Whether it’s tapioca balls or computer chips, Taiwan is stretching toward the United States and away from China — the world’s No. 2 economy that threatens to take the democratically ruled island by force if necessary. – Associated Press

Cambodia and China began 15-day military exercises on Thursday as questions grow about Beijing’s increasing influence in the Southeast Asian nation. – Associated Press

A controversial media bill passed this week by Georgia’s parliament is “unacceptable” and will be vetoed, President Salome Zourabichvili said Thursday, reaffirming her opposition to a measure that critics describe as a threat to free speech. – Associated Press

Human Rights Watch urged the Thai government to stop forcing political dissidents who fled to Thailand for safety to return to their home countries, where they may face torture, persecution or death. – Associated Press

Europe

To the government that charged him, he was a “lone wolf,” an off-kilter individual representing nobody but himself when he pumped at least four bullets into Prime Minister Robert Fico of Slovakia. – New York Times

Spain has refused permission for an Israel-bound ship carrying arms to call at the southeastern port of Cartagena, Foreign Minister Jose Manuel Albares said on Thursday. – Reuters

Finance ministers from the Group of Seven major democracies meeting in Italy next week will back a European Union plan to use the income from frozen Russian assets to help Ukraine’s war effort, an Italian Treasury official said on Thursday. – Reuters

Greece’s prime minister reiterated on Thursday his intention to thwart North Macedonia’s bid to join the EU after its newly elected president referred to her country as “Macedonia”, reigniting a dispute with Athens over the name. – Reuters

Authorities in Belarus on Thursday announced raids and the seizure of property belonging to 104 opposition activists who have fled the country, the latest step in a crackdown on dissent that has continued unabated for nearly four years. – Associated Press

German authorities said they’ve launched an investigation into a member of the lower house of parliament for the far-right Alternative for Germany party suspected of corruption and money laundering. – Bloomberg

James Thomson writes: Such leaks, along with the rapid politicization of the attack, suggest calls for calm will struggle to gain traction. Some passersby in Handlová, where Fico and his party enjoy broad support, immediately harangued journalists for covering the shooting. Slovak newsrooms have since received warnings from police, citing a perceived threat, to review the location and visibility of their reporters. – Center for European Policy Analysis

Africa

The Biden administration and the Democratic Republic of Congo have proposed a plan to reduce sanctions on an Israeli mining magnate accused of corruption in exchange for his permanent exit from the African country. – Wall Street Journal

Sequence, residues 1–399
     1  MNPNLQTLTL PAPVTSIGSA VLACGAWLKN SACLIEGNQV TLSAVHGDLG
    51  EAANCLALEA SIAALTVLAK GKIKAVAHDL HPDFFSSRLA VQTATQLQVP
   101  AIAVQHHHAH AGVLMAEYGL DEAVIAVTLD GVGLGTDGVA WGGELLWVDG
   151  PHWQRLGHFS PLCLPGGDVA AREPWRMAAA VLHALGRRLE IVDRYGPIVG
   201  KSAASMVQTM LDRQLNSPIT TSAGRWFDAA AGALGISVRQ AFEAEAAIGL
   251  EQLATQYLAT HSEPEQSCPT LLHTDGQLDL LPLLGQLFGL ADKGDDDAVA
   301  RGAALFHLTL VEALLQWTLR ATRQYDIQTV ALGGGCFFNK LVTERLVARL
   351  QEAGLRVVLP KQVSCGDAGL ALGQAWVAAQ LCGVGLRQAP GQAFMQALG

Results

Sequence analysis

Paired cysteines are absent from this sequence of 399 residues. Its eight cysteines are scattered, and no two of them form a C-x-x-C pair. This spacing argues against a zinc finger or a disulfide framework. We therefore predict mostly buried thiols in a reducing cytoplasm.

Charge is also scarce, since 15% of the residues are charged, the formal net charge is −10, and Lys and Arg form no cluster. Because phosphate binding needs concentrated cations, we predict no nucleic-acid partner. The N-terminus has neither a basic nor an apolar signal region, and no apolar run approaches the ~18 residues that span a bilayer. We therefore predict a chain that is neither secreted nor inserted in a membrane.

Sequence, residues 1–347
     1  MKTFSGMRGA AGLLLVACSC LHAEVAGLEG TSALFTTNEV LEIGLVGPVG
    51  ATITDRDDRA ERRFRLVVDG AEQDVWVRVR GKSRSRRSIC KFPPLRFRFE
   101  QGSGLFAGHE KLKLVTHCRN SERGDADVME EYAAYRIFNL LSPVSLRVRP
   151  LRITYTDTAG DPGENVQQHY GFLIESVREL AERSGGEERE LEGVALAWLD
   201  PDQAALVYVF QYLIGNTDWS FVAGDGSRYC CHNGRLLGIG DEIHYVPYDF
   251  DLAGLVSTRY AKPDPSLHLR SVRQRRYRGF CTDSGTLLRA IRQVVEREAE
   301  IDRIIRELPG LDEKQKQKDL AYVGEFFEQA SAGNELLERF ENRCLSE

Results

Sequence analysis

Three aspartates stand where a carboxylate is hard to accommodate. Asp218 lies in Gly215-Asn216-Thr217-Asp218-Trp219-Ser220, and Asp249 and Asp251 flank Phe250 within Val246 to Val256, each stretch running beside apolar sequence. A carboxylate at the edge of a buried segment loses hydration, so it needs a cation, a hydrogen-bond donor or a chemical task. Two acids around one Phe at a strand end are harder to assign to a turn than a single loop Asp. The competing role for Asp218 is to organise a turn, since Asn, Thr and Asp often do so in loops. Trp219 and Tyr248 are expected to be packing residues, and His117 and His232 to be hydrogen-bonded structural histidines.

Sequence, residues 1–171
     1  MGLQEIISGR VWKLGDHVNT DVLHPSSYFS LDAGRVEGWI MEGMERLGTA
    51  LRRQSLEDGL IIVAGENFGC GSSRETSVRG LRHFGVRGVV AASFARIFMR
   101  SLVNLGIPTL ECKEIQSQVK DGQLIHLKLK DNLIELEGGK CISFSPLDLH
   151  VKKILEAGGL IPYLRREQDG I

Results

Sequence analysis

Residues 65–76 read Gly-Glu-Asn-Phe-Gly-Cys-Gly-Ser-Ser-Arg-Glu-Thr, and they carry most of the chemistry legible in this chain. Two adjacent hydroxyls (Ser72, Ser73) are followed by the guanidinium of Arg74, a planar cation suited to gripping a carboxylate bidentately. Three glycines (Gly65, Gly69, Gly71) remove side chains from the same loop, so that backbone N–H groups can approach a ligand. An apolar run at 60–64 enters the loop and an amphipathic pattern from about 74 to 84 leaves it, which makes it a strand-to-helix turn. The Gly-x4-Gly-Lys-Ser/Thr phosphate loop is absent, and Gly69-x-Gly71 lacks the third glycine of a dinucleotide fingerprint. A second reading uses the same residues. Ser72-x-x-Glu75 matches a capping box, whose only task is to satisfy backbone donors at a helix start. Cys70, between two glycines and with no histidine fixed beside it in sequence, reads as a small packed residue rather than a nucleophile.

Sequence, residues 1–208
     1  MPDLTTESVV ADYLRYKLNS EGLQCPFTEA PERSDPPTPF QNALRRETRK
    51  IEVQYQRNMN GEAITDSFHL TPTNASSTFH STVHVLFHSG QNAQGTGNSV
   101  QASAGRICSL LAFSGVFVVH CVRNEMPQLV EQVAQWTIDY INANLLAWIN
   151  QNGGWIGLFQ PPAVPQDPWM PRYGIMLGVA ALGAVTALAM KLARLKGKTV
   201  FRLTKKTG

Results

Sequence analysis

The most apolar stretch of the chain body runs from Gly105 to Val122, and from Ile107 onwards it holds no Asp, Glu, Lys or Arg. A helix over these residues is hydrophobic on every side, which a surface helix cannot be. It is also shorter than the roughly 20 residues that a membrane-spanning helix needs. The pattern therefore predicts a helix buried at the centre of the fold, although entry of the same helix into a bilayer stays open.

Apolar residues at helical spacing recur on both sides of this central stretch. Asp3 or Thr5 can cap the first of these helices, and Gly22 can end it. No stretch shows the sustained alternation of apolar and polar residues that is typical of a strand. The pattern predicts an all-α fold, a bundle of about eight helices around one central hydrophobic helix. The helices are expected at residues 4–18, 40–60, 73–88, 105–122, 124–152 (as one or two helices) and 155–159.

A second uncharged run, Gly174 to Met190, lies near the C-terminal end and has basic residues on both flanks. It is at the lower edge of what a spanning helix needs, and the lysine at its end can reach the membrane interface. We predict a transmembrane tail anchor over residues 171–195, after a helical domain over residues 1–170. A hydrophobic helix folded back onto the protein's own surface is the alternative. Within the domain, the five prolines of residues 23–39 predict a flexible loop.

Kenyan lawyers and their opposition party have asked a court to hold the government in contempt for a planned police deployment to Haiti, their filing to the court showed. – Reuters

Senegal’s prime minister Ousmane Sonko raised the possibility of closing French military bases in the West African country on Thursday in a wide-ranging speech that also touched on the euro-backed CFA franc currency, oil and gas deals and LGBTQ rights. – Reuters

Chad’s constitutional council confirmed Mahamat Idriss Deby as winner of the May 6 presidential election on Thursday after dismissing challenges by two losing candidates – cementing a victory that extended his family’s decades-long rule. – Reuters

The government of South Sudan and rebel opposition groups on Thursday signed a “commitment declaration” for peace during high-level mediation talks in Kenya, described as key step in efforts to end the conflict in South Sudan that has long crippled its economy. – Associated Press

Ethiopia lodged a complaint Thursday over statements by the U.S. ambassador after he said the release of political prisoners could help the country engage in a productive dialogue and that detaining critics won’t resolve the country’s issues. – Associated Press

Mesfin Tegenu writes: It can work with responsible religious and humanitarian groups to accelerate food shipments to Amhara, Afar, Tigray and other famine-stricken areas. For too long, Ethiopian mothers have sent their sons off to fight and die in senseless civil wars. This time, America must not be a spectator. Ethiopia needs U.S. support to become a bulwark for democracy in a troubled region. – The Hill

The Americas

A water dispute between the United States and Mexico that goes back decades is turning increasingly urgent in Texas communities that rely on the Rio Grande. Their leaders are now demanding the Mexican government either share water or face cuts in U.S. aid. – Washington Post

Panama’s next government is considering erecting new checkpoints along a stretch of thick jungle on its southern border that has become a treacherous part of the journey for growing masses of U.S.-bound migrants, the incoming security chief said on Thursday. – Reuters